Just over a year and a half ago, Oracle lobbyists started lugging a large black suitcase through the halls of Congress. It contained a tangle of communications equipment they used to demonstrate to members of Congress and regulators the river of real-time data that flows from Android phones to Google’s advertising servers.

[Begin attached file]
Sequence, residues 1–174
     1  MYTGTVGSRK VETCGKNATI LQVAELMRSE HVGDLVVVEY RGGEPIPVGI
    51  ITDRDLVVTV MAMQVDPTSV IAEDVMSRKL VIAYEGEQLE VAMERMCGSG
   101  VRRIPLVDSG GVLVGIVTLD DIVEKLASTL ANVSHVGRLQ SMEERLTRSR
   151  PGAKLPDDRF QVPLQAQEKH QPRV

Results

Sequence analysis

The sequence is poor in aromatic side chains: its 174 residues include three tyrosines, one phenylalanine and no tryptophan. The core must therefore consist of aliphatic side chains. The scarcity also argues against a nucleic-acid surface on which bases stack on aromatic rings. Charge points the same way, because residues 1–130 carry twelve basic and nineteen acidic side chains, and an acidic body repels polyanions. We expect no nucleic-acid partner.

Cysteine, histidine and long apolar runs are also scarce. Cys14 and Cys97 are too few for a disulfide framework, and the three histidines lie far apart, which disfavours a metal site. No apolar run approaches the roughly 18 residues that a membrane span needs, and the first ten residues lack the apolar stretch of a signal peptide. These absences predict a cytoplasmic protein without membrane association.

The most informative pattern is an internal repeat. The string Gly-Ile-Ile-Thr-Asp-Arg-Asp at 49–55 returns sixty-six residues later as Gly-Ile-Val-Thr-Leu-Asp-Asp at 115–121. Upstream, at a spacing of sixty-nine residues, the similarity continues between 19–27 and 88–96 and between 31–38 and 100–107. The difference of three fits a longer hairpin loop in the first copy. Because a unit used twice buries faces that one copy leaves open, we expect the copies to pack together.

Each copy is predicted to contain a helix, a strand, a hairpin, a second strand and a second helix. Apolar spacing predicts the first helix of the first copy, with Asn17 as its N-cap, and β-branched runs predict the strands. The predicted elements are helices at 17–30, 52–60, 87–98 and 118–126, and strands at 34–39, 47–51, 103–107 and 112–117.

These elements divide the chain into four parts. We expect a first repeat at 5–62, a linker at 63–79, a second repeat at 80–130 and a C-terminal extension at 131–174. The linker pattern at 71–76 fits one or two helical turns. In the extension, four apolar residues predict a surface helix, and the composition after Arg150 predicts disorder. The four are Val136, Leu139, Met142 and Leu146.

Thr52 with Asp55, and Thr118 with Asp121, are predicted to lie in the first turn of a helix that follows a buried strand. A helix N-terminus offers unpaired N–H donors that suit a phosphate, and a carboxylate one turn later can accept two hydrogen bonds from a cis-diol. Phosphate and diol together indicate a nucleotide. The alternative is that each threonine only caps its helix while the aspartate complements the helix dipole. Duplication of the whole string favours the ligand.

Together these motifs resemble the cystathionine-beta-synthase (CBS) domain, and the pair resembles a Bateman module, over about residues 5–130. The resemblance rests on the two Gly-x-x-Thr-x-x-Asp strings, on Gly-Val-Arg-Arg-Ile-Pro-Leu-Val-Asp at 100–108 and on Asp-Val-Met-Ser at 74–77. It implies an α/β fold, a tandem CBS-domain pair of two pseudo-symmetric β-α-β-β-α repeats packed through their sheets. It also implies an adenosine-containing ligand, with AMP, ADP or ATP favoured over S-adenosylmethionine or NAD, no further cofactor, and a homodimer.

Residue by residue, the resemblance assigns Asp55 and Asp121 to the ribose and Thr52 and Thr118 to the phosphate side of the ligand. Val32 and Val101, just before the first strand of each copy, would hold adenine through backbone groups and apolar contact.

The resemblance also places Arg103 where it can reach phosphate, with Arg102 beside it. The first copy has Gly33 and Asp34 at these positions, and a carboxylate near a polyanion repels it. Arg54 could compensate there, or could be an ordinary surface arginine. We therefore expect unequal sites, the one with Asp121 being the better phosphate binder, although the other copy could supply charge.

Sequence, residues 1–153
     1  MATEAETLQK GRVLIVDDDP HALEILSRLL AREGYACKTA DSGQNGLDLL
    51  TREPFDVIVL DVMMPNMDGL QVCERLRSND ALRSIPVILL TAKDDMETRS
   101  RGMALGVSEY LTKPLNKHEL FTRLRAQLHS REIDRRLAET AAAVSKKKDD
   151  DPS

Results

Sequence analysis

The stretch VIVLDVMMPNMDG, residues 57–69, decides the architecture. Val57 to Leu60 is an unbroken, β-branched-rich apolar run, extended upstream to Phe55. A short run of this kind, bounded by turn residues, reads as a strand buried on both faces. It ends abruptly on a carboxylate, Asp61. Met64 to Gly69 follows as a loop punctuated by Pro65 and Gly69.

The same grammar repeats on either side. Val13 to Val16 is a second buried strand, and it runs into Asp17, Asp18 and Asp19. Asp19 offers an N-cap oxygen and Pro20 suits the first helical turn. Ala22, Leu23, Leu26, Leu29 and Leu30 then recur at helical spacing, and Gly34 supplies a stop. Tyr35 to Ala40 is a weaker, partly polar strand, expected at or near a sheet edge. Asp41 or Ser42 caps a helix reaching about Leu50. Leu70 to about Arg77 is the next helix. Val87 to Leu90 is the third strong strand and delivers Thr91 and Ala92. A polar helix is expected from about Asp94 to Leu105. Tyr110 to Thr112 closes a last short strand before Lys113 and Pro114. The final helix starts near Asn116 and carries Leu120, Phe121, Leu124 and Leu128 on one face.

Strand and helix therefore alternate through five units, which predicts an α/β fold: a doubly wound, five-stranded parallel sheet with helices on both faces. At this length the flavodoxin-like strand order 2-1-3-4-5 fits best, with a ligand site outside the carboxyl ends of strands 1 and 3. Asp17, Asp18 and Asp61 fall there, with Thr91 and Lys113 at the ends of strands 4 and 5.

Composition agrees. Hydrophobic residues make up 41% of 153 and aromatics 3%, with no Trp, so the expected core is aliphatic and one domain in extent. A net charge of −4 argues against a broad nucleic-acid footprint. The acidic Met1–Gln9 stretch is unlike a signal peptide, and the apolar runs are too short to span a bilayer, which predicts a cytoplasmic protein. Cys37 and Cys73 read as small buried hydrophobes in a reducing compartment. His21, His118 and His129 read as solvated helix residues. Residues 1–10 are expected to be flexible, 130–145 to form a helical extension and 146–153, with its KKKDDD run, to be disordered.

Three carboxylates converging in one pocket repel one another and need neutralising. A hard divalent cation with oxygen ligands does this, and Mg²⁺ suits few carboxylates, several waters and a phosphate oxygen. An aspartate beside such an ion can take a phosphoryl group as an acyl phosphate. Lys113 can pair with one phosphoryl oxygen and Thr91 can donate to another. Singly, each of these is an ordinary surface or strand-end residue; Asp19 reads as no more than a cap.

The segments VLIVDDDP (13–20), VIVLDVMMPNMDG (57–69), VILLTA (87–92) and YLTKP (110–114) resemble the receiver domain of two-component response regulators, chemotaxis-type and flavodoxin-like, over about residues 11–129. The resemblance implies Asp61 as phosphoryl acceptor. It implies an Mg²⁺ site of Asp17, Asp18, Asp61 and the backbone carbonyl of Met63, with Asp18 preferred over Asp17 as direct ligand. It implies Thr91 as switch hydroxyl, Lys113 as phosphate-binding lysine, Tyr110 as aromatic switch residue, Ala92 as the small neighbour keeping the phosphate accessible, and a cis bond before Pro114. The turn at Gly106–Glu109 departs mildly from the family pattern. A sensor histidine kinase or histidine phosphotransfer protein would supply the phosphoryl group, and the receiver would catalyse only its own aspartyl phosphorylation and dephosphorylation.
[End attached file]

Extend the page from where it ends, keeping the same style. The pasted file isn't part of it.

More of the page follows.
The rig—dubbed “the magic suitcase” by congressional staffers—generated a record of the second-by-second logs that a phone equipped with Google’s operating system sends to the search giant, including users’ location and whether they are on foot or in a vehicle. It quickly had an impact. Sen. Joshua Hawley, a Missouri Republican known for his strong opinions about reining in big tech, was shown the presentation, according to people familiar with the situation. His recent grilling of a senior Google executive during a Senate Judiciary Committee hearing echoed the presentation’s findings, which highlight Google’s ability to create intimate behavioral profiles from the troves of personal data Android phones collect.